It’s funny though. I now realised just how important our “identity” is over the Internet. We are all represented, in a sense, by our e-mail accounts funnily enough; that is our identity (as opposed to character and personality). We are known by our e-mail addresses, which act as our virtual mailboxes for people to find us. Having your e-mail account stolen would be like having something take over your house. Our e-mail accounts play quite a huge role in the things we do over the Internet. They’re linked to important things, like online banking/shopping, our hobbies, Facebook especially. Everything we do on the Internet requires an e-mail and so if you control someone’s e-mail, you control everything they do on the Internet. I have back up e-mails, yes, but I won’t use them unless it’s absolutely necessary.


I used my backup e-mails to trying and act as a safehouse for my other online accounts, like my blog and Facebook. That wouldn’t have worked so well because once I managed to get my e-mail account back, I found all these e-mails about me trying to change the contact e-mail (for Facebook, etc) and that he could’ve easily clicked a link in that e-mail saying that the change was a mistake and then I’d be back at square one. So having backup e-mails might not be as helpful as they could be.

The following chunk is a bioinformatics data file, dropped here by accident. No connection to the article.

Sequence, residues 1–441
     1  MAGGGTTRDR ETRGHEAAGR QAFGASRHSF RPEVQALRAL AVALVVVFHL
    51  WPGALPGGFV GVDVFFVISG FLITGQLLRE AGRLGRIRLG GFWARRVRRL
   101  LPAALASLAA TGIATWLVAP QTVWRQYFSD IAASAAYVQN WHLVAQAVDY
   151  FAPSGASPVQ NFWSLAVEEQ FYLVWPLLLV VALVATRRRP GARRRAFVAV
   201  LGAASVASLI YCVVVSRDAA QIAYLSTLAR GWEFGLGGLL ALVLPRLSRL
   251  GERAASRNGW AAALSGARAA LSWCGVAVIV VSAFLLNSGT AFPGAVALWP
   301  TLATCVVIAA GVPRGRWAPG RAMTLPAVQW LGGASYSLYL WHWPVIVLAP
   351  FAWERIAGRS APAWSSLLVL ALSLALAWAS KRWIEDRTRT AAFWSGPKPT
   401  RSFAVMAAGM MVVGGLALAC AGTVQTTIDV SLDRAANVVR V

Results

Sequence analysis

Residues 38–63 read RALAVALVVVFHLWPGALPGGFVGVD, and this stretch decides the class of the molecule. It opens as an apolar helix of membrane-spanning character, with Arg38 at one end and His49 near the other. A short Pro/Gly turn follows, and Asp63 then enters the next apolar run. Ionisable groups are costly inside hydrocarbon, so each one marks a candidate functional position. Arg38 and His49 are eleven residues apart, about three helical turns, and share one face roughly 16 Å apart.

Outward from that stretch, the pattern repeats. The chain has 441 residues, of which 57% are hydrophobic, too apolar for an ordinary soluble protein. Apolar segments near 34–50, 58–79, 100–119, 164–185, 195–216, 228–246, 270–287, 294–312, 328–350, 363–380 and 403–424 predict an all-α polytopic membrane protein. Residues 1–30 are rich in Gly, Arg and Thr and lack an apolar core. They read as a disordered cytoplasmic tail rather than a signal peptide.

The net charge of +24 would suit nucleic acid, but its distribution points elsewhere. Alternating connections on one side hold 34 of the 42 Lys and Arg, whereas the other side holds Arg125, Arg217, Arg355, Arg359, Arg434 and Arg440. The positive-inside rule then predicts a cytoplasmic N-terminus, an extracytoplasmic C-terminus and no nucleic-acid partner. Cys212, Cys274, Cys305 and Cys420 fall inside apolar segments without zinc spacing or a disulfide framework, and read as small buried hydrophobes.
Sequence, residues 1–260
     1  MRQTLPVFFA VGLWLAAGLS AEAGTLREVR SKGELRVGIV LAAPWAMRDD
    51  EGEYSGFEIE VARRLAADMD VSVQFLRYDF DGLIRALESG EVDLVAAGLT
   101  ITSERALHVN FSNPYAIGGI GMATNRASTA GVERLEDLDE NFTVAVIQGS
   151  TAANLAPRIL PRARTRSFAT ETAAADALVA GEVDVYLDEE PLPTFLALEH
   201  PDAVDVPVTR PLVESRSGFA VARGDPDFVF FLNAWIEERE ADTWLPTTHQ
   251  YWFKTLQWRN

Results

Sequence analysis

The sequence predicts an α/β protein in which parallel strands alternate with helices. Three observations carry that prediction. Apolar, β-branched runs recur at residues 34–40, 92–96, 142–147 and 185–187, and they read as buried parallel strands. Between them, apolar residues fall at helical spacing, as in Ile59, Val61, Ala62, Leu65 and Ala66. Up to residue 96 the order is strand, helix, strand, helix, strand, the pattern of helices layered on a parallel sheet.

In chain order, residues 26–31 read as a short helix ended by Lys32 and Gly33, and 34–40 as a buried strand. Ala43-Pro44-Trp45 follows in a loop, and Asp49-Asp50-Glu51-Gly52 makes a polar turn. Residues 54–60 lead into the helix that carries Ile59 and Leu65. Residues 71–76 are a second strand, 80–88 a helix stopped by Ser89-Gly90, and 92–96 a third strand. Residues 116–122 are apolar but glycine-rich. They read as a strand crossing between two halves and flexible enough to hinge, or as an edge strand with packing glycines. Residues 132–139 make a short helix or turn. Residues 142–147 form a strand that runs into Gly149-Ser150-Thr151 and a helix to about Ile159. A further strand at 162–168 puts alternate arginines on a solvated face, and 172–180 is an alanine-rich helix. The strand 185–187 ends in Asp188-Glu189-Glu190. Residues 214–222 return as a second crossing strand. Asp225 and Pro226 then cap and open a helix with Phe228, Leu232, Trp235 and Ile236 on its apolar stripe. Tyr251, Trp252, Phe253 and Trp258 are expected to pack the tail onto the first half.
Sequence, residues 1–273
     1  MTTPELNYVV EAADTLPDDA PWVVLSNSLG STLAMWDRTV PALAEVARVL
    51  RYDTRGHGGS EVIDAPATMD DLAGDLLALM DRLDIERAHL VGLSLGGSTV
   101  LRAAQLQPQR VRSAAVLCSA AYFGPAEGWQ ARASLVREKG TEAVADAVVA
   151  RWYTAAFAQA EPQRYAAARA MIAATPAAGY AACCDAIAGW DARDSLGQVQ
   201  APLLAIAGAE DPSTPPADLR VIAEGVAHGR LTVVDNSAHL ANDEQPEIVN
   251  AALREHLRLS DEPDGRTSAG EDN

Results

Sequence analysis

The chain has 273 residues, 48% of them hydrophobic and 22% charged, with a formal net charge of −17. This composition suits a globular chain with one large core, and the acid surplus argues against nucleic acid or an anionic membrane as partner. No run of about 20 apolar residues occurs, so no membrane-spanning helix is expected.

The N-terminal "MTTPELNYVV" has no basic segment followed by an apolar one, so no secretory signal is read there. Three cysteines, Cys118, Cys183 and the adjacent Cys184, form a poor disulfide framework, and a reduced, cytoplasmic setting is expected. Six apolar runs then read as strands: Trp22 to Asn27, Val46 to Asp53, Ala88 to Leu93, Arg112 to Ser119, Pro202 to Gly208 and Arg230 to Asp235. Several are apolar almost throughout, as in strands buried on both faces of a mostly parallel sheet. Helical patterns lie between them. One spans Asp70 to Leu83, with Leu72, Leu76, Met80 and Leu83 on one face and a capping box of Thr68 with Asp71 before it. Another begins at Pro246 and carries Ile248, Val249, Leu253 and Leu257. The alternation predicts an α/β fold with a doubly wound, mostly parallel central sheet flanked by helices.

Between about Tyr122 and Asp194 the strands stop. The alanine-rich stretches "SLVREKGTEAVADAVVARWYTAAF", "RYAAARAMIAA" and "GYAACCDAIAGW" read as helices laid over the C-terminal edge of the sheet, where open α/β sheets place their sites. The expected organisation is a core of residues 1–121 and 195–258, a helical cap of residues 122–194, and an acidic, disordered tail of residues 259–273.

At night, I took another preventative measure and called up PayPal to have them lock my account. I wonder if I supplied information to them that only I would have; I mean if anyone did their research well on the person they were stalking, they could easily pretend to be that person and regurgitate some personal details that they memorised about them. Same for “proving” your identity over the Internet